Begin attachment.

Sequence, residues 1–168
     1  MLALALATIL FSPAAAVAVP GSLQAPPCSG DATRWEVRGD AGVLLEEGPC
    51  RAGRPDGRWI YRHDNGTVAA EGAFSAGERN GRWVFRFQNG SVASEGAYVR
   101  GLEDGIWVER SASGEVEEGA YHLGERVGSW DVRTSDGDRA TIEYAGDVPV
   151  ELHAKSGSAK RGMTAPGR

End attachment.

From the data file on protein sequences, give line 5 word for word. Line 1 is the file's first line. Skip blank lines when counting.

   151  ELHAKSGSAK RGMTAPGR